Judaism begins at the beginning as the basis for all of the Abrahamic faiths, with The Book of Genesis. The authorship of this book is attributed to Moses, but modern historical analysis more or less categorically rejects that possibility. In Genesis alone, for example several distinct, overlapping stories are told, including two different statements of the creation of women at entirely different times and circumstances, in quite different literary ``voices''. In addition:
And Zillah, she also bare Tubal-Cain, an instructer of every artificer in brass and iron: and the sister of Tubal-Cain was Naamah.Iron positively dates this passage to being written after the beginning of the Iron Age in the Middle East - around 1200 BCE. This passage was therefore written at least 200 years after the presumed dates of Moses and Exodus. However, this passage is indicative of a much greater degree of anachronism. Tubal-Cain is a seventh generation descendent of Adam, living long before the presumed flood that was in turn long before the time of Moses. This passage is describing events that supposedly occurred some 3000 years earlier. Furthermore, the tone of the verse makes it clear that he was an instructor of artificers, plural, something that could only have been written long after instructers were commonplace, long after the beginning of the Iron Age. It is probably pretty safe to say that it was written sometime in the first millenium BCE, long after the discovery of iron, when iron workers were no doubt relatively commonplace and such a verse would raise no eyebrows.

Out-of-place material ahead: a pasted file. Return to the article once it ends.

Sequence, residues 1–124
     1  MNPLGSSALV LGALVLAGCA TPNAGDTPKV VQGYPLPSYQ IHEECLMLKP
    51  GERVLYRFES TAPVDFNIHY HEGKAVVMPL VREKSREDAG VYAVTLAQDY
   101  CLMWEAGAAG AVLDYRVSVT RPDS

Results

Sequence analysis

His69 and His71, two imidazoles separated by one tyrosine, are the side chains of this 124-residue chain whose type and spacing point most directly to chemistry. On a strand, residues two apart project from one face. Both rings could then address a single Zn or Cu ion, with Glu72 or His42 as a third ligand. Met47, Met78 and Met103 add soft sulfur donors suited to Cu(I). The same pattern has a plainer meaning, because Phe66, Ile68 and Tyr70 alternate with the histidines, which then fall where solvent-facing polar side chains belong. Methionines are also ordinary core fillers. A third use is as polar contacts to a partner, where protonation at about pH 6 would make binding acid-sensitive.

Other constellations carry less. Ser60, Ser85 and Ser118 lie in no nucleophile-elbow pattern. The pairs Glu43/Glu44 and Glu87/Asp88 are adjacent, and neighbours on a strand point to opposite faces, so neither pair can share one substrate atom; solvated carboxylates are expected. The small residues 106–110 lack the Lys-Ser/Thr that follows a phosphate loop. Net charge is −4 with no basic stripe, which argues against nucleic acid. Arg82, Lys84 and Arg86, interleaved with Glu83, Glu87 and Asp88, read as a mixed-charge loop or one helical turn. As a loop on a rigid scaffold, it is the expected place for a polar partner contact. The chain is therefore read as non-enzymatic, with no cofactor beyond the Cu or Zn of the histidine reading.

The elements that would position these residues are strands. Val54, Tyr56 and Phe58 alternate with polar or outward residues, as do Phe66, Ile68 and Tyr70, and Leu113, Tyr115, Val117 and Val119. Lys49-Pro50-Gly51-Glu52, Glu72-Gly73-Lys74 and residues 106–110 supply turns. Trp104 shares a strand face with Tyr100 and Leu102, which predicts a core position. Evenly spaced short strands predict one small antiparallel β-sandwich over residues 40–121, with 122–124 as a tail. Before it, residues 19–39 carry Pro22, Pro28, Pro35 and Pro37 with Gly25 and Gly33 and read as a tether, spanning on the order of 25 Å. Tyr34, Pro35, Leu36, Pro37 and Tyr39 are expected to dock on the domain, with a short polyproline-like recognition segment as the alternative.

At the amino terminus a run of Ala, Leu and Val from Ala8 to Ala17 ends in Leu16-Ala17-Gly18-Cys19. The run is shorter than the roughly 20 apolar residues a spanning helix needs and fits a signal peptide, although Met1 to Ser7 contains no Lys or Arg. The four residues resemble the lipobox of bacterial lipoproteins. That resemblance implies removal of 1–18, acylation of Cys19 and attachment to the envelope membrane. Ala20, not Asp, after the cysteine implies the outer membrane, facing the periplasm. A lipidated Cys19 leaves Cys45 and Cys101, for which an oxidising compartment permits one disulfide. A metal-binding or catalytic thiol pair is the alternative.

One might be able to quibble about whether or not iron was known to Moses in spite of the lack of any objective evidence for the use of iron earlier than 1200 BCE, but one can be quite certain that it was not known in 4000 BCE, before even the early Bronze Age in Mesopotamia. A historical fourth or fifth millenium BCE Tubal-Cain might have been a potter, but not a worker of metals. Not that one really should need to quibble over this sort of thing in a work that is an obvious mythology, but on the basis of this single passage we can be reasonably certain that Genesis was not written by Moses at all, but rather was written long afterwards to describe individuals known only as myths or legends, not real people.